Italian Prime Minister “Super Mario” Draghi is losing at his own game—something that is hard to do when you quite literally have the rules written for you.
Draghi, the former president of the European Central Bank (ECB), was put into his post earlier this year by President Sergio Mattarella in a last ditch effort to keep a left-wing coalition in power. The hope was that Draghi, being a prominent Italian figure, would unite the nation and squash the center-right’s momentum.
Well, Draghi has certainly united Italians—just not in the way Mattarella hoped.
Last Saturday, the streets of Rome were filled with tens of thousands of people shouting “fuck off, Draghi” amidst the implementation of COVID passports in the southern European nation.
Mattarella took an E.U. figurehead and put him in charge of an increasingly anti E.U. populous in hopes of placating growing social turmoil. I still cannot fathom who looked at party and policy polling and decided Draghi was the answer.
Draghi is not the only mistake Mattarella has made—honestly, it would be faster to cover what Mattarella has done right in his near seven year reign. Though Draghi is certainly one of his biggest blunders.
Unlike the U.S., Italy has both a Prime Minister and President. The Italian Prime Minister’s role is similar to that of U.S. Presidents. The Italian President, however, is more of a kingmaker and representative of the government itself. He makes speeches, honors individuals with government awards, travels as a representative of the country, and steps into to solve internal disputes. The President does not traditionally legislate nor deal with day to day politics.
Despite his role as a glorified backseat driver, Mattarella still managed to royally screw up the last two changes of government.
Italy’s government changes more than a woman’s mind.
Unfortunately, like women, its changes are illogical, harmful to the populous, and generally just a bad idea.
Twice in a row now has Mattarella not only thwarted the will of the people, but has not even acknowledged it. It’s like he has on headphones and is blasting communist propaganda at full volume—which, honestly, not a reach.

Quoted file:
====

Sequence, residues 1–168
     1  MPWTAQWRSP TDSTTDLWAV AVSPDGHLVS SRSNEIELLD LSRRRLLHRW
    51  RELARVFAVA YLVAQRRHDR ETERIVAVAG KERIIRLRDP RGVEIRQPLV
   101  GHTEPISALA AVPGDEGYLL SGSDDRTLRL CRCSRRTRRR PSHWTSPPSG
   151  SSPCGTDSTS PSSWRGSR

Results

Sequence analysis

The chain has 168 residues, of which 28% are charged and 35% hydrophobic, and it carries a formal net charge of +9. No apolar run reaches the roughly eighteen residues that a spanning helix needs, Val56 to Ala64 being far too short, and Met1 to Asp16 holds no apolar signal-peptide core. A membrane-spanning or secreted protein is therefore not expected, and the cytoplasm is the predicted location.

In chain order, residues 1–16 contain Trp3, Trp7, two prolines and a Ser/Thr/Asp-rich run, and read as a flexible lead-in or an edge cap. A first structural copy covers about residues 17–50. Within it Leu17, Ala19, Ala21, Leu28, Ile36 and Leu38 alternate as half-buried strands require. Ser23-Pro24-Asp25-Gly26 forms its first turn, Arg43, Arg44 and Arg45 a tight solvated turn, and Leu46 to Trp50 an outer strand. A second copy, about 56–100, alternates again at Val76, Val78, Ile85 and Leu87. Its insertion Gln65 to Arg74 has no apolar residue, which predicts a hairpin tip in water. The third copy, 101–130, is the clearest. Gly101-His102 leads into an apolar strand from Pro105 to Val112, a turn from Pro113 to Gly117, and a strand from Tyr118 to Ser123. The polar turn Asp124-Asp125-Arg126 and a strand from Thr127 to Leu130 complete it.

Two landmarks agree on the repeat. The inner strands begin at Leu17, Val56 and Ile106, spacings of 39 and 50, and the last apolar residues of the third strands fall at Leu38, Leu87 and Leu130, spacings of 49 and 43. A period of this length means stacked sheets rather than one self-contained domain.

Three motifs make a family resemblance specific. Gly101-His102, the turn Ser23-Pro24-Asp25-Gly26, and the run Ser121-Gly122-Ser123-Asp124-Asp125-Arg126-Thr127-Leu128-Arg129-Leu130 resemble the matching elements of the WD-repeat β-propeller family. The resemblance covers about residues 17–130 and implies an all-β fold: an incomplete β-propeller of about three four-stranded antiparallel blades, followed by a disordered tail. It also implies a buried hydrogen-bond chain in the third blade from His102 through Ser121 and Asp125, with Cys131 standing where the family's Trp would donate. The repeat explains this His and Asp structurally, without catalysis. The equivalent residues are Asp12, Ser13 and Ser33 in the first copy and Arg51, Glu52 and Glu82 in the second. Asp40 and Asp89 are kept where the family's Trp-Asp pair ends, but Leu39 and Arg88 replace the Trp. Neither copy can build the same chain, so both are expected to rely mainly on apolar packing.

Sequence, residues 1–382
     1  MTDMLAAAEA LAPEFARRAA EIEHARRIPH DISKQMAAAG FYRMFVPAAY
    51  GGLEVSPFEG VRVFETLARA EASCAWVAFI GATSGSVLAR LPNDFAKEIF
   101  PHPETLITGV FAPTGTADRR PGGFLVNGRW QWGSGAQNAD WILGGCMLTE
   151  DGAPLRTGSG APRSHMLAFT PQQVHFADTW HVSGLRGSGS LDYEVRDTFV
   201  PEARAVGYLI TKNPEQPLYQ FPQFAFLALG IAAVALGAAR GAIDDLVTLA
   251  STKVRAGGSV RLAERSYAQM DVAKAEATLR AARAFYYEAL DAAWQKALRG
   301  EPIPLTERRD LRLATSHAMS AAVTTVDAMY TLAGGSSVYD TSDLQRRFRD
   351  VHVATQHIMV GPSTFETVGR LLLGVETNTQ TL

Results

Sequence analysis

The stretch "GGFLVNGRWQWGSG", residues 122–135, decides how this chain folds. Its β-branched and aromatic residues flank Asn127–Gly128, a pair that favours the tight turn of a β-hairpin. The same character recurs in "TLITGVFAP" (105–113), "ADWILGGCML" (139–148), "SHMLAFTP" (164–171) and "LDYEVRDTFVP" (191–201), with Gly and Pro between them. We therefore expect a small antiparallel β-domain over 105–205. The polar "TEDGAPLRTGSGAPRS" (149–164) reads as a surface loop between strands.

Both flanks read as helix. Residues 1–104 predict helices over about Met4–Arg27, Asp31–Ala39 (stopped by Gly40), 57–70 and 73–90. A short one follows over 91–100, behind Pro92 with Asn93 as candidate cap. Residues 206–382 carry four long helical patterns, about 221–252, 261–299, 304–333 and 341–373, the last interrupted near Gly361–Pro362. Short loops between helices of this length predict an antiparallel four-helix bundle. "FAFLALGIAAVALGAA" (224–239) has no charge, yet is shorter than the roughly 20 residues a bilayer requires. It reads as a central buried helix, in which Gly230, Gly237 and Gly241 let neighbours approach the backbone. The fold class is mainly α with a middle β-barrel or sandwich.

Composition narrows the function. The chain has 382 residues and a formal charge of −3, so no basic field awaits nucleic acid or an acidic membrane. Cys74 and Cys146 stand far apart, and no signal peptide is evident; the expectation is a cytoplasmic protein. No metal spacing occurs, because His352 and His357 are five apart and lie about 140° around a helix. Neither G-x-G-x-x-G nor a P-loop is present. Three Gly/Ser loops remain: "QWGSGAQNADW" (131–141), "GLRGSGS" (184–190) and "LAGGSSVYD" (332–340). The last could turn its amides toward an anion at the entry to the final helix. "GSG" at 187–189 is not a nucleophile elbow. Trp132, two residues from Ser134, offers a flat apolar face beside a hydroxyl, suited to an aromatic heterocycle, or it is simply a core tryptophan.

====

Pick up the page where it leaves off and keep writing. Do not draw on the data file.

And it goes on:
In 2018, a left-right coaltion was formed between the Movimento 5 Stelle (M5S) and Lega, respectively. The parties were temporarily able to work together as they both became popular on pupulist, anti establishment, nationalist tenants. But when the honeymoon phase was over, tensions began to rise.
Matteo Salvini, captain of the Lega and the Interior Minister at the time, pushed to dissolve the government under the premise it would go to a general election. The Lega was then polling in the high 30th percentile and could easily win a majority if a coaltion was formed alongside the conservative Fratelli d’Italia and right-leaning Forza Italia.
Desperate to keep a strong leftist hold on the government, Mattarella stepped in and offered the M5S to partner with the Partito Democrato (PD) to hold power. Obviously they took the deal. But that did not mean smooth sailing.
Despite both parties being center-left, they disagreed on key points; eventually leading the Prime Minister to resign. Talks of an election once again surfaced, with opinion polling showing the government as being largely disliked throughout the nation.
*Enter Mattarella, stage very far left*
If the PD/M5S coalition were to fall through, there would literally not be a single center-left option to govern. Finally by default, Salvini’s Lega/Fratelli D’Italia/Forza Italia coaltion—which is comfortably right wing—would take power.
Mattarella simply could not let that happen. Which is why he pulled Super Mario from the wings.
Fast forward to today and protests are erupting across Italy with the implementation of yet another terrible Draghi policy: COVID passports.
Is this a large step in the direction of the government falling? Yes.
Will this change anything? No, not so long as Mattarella is Draghi’s personal bodyguard.
Should things change? Yes. Should the government fall? Yes. Should we go to elections? Yes. A million times, yes. But in a country as corrupt as Italy, with a government system so intricate, spontaneous, and incestuous, the chances of any of that happening are slim to nil…and slim died last week.